Poulx is a commune in the Gard department in southern France. Between the years of 1943 and 1945, it served as a secret meeting place for French resistance fighters.
The small size of the commune made Poulx a relatively inconspicuous hideout during the occupation years of France. Its proximity to the southern coast allowed communications to be secretly brought into and out of France via undercover ocean transport. The headquarters for the resistance fighters was built underneath the church; a fake furnace was installed to cover up the entrance.
In August 1943, with news of Soviet counter-offensives in the East, the resistance improvised a system to take advantage of Germany's loosening grip on France. With many Nazis leaving their patrol duties to head to the Eastern front, smaller communes like Poulx were left almost unguarded. This allowed messages to reach Poulx from the southern coast, where the US navy was using captured German fishing boats to approach the shore without having their cover blown. Trained birds were then used to cover the remaining distance from the shore to Poulx. In Poulx, the birds would land on top of the church, where they would wait until a resistance member went under cover of darkness to retrieve the message and reward the bird with food.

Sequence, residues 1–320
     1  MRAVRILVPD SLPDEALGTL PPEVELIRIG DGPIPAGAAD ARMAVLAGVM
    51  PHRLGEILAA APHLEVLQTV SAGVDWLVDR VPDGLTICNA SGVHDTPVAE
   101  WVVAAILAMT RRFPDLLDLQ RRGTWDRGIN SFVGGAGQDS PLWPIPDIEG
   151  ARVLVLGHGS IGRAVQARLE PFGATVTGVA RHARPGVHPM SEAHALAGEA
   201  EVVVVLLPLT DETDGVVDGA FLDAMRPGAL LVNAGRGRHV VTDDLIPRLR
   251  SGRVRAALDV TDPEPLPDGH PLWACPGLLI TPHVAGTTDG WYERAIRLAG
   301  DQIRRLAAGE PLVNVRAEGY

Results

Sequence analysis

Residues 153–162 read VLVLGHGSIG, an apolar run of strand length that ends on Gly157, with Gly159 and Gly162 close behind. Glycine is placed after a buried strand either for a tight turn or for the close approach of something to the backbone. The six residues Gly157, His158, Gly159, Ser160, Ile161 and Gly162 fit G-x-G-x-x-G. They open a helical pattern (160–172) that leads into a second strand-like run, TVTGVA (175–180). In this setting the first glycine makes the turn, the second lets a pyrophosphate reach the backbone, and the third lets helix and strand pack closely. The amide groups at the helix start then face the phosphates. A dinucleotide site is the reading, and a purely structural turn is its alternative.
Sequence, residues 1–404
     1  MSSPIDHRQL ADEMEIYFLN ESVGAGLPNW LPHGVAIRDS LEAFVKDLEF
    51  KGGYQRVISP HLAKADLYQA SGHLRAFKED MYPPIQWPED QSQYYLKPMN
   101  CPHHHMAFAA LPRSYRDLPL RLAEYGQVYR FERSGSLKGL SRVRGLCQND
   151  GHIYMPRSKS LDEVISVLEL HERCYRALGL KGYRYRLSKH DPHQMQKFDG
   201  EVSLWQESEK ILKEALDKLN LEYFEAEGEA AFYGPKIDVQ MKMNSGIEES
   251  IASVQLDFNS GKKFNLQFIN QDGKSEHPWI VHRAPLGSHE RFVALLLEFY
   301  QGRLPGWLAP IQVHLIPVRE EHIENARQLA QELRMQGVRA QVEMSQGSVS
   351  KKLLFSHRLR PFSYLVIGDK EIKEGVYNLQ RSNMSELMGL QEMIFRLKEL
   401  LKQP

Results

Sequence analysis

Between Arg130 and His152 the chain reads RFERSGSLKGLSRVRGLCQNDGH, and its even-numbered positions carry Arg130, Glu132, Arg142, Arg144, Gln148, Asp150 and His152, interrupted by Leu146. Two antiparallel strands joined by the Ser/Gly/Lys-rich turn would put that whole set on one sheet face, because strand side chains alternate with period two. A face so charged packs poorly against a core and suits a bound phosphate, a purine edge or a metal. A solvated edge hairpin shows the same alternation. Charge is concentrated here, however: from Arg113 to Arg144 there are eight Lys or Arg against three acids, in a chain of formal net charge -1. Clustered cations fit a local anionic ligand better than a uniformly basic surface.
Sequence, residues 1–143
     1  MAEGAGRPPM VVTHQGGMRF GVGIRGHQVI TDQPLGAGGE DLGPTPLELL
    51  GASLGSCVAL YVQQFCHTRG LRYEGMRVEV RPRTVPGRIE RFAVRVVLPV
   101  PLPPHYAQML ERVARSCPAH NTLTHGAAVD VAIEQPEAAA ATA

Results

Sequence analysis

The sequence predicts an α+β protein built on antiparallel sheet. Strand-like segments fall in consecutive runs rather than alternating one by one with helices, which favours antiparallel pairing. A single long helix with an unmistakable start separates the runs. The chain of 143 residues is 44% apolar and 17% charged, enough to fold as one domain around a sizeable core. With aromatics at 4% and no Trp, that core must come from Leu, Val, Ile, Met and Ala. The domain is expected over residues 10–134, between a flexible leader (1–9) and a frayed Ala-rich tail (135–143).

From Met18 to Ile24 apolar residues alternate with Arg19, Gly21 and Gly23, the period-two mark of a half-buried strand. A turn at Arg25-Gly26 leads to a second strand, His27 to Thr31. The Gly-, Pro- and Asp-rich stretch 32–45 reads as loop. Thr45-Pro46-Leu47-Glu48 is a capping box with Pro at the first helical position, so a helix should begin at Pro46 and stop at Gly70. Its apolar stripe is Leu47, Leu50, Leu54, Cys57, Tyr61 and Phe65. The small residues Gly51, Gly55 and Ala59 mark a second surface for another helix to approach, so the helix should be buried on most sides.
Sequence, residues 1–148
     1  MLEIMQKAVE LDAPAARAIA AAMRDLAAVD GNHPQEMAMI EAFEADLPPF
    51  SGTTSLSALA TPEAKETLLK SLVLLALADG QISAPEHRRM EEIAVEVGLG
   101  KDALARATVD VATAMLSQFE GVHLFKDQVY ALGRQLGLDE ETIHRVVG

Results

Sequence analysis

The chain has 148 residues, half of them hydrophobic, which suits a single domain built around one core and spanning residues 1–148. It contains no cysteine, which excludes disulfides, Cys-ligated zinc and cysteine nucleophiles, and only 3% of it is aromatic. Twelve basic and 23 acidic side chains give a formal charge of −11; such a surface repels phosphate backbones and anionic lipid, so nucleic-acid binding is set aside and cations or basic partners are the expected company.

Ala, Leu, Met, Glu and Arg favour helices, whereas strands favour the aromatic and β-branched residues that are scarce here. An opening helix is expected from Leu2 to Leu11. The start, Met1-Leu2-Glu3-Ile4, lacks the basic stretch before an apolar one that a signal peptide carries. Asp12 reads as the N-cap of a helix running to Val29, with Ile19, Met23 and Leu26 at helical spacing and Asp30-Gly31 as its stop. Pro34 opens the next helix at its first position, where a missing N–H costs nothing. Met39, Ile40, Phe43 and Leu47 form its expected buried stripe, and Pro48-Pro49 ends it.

The communication line stayed open until the liberation of France, and helped organize the resistance that aided in Operation Dragoon.
In 1962, a referendum was held in the commune of Poulx to determine whether the church, with its pivotal role in the resistance in the south, should be made into a museum. Almost unanimously (151 versus 9), the population declined the offer, giving the reason that the increased tourism to the location would be a disruption to their rural lives. The church is still in use to this day.
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